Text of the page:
The fifth annual Brain Injury Walk takes place at Mill Lake Park in Abbotsford on Saturday, June 15. (Photo: Dave Hildebrand/Communitas)

Fifth annual Brain Injury Walk in Abbotsford raises awareness

Event takes place Saturday, June 15 at Mill Lake Park

For most people, going for a walk doesn’t take a lot of thought or energy.

Yet for some who live with an acquired brain injury (ABI), that simple act can be a significant challenge.

On Saturday, June 15, dozens of people living with ABI – and those who love and support them – will take up that challenge and walk around Mill Lake in Abbotsford to raise awareness about brain injuries.

This fifth annual fundraising walk is organized by Communitas Supportive Care Society and the Fraser Valley Brain Injury Association.

Raising funds is a component of the walk, but raising awareness is equally as important to those who are involved.

Dylan, who has lived with a brain injury since 2014, is looking forward to participating in the walk again this year.

He says the challenge of living with an ABI is that it can be an invisible illness.

RELATED: Dasmesh Punjabi School raises $7,500 for brain injury association

RELATED: B.C. man recovering from mysterious head injury hoping to find out what happened

“People take a look at me and think I’m totally fine,” he explains. “I am not the same as I was before my accident. I am way better, but I still have things I have to work on.”

Dylan was struck by a car while walking to work. He suffered injuries to his leg and to his head. After weeks in an induced coma, he woke to discover that he couldn’t speak.

“The only word I could say was ‘blanket,’ ” he says. “I spent months in rehab to have to relearn how to walk and talk.”

Dylan continues to work with a team of therapists who have made a huge difference in his life.

Funds raised by Communitas participants will benefit the organization’s two drop-in programs in Abbotsford and Chilliwack.

Amanda Lind, the manager of the Abbotsford Brain Injury Drop-In, says the funds raised at the walk help cover costs for extras like outings and other activities.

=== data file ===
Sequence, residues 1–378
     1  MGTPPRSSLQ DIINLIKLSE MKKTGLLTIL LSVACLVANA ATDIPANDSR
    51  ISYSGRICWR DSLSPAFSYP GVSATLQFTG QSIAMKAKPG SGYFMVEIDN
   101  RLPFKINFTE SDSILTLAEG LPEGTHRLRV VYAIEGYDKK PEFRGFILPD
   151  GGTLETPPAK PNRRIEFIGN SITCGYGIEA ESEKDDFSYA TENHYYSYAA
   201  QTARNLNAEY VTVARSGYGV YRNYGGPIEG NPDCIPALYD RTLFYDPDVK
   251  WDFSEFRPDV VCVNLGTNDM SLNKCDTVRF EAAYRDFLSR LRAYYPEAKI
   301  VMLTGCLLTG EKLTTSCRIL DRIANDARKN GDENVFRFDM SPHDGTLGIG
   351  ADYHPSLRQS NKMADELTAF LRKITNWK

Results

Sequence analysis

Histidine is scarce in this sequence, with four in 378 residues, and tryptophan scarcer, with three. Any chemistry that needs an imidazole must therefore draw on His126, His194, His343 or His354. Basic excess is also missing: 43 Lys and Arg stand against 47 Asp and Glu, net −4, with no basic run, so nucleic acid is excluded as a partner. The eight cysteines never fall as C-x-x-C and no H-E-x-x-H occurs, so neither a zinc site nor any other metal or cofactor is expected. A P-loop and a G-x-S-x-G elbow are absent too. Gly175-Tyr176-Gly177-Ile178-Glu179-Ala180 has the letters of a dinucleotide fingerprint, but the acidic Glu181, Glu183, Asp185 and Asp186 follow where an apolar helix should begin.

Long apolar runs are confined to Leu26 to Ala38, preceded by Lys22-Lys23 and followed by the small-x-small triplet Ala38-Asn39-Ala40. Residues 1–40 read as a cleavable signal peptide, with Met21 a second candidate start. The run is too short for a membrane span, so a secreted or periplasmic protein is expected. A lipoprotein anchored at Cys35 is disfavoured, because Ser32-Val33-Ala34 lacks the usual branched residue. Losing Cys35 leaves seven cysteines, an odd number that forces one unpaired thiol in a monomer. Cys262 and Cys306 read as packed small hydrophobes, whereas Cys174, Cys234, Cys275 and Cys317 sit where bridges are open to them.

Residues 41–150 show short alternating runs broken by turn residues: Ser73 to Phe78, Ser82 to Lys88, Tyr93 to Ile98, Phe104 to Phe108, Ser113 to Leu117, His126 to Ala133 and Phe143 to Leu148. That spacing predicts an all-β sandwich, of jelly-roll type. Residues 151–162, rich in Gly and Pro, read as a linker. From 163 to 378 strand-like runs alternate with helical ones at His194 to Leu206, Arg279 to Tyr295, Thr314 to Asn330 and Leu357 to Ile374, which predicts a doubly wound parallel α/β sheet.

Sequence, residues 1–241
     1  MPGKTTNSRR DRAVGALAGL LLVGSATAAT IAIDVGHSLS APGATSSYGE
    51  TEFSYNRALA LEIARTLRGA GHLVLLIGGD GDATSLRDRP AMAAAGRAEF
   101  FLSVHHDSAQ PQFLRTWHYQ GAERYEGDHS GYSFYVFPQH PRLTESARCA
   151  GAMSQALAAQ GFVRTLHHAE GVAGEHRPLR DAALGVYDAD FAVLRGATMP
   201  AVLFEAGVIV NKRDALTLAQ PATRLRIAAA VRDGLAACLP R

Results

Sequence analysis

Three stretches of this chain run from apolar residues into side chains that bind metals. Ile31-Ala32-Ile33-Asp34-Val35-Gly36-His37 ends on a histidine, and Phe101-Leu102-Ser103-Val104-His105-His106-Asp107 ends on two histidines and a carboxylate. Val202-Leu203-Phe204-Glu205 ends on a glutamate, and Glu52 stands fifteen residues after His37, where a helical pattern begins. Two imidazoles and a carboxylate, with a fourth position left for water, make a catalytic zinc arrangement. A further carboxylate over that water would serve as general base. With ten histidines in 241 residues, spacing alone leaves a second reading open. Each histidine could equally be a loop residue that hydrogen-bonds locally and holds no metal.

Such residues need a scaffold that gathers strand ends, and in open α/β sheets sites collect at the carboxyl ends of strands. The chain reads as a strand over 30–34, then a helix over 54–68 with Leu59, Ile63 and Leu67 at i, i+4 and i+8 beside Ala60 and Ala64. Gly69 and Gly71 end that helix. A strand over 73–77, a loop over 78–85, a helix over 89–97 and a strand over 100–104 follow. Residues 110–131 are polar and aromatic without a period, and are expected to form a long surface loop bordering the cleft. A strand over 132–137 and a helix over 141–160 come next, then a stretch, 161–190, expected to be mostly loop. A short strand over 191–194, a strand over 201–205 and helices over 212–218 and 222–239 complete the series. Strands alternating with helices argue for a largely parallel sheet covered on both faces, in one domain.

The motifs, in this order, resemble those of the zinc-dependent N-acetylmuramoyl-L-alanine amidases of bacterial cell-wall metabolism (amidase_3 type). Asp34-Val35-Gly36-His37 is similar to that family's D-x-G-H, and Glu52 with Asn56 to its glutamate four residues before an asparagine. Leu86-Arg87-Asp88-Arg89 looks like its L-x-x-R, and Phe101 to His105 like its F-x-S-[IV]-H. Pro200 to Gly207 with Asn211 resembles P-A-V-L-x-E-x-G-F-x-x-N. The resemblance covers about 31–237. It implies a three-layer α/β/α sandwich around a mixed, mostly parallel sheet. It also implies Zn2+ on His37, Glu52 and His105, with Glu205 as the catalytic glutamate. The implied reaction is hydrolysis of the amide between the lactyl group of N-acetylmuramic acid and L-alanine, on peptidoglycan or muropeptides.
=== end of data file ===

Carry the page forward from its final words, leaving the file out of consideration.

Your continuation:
Last year’s event raised $1,900 for the drop-in, and the goal of the group this year is to exceed that amount.

A new component to this year’s event is a team costume option where groups of at least four will have the chance to dress up and win prizes for most creative costumes.

Dylan hopes that people in the community will support the walk.

“I hope that people will come out and see that, even though we live with brain injury, we are still active, having fun, living our lives,” he says. “We are all still human beings.”

The walk starts at 3 p.m. Those wanting to support the event can visit and designate their gift to the 2019 Brain Injury Walk.

Just Posted

Abbotsford Community Services announces name change

50-year-old non-profit agency now called Archway Community Services

Vancouver Canucks playing pre-season game in Abbotsford

Canucks hosting Ottawa Senators on Monday, Sept. 23

Abbotsford water polo talent earns national gold

16U athletes Sarah Portas and Annika Reinfjell help lead Fraser Valley to first

Harrison Hot Springs to consider single-use plastics ban

Village staff will come back to council with a report on what a possible ban could look like

Dash-cam video in trial of accused cop killer shows man with a gun

Footage is shown at trial of Oscar Arfmann, charged with killing Const. John Davidson of Abbotsford

VIDEO: Trans Mountain expansion project gets green light, again

Prime Minister Justin Trudeau announced the decision in Ottawa on Tuesday afternoon

MPs hear retired B.C. nurse’s petition to change compensation for fatal medical errors

Teri McGrath wants provinces to implement no-fault system for medical errors

Horgan says he’ll still defend B.C. coast after second Trans Mountain approval

Meanwhile, one B.C. First Nation has announced plans for a legal challenge

Metro Vancouver’s air quality could be the worst yet this wildfire season

As wildfire season approached, Metro Vancouver experts predict the air will be an issue for many

Demonstrators on either side of Trans Mountain debate clash in Vancouver

Crowd heard from member of Indigenous-led coalition that hopes to buy 51% of expansion project

Update: Multiple fires along the railway tracks in Pitt Meadows

CP rail has closed tracks while firefighters work

Grieving B.C. mom hopes Facebook message leads to new investigation into son’s Surrey homicide

Criminal Justice Branch didn’t lay charges, concluding no substantial likelihood of murder or manslaughter conviction

B.C.’s measles vaccination program gains traction in May

More than 15,000 doses of the MMR vaccine has been administered across the province

B.C. farmers concerned Agricultural Land Reserve changes choking their livelihood

Dozens voice concerns at special meeting hosted on Vancouver Island

Most Read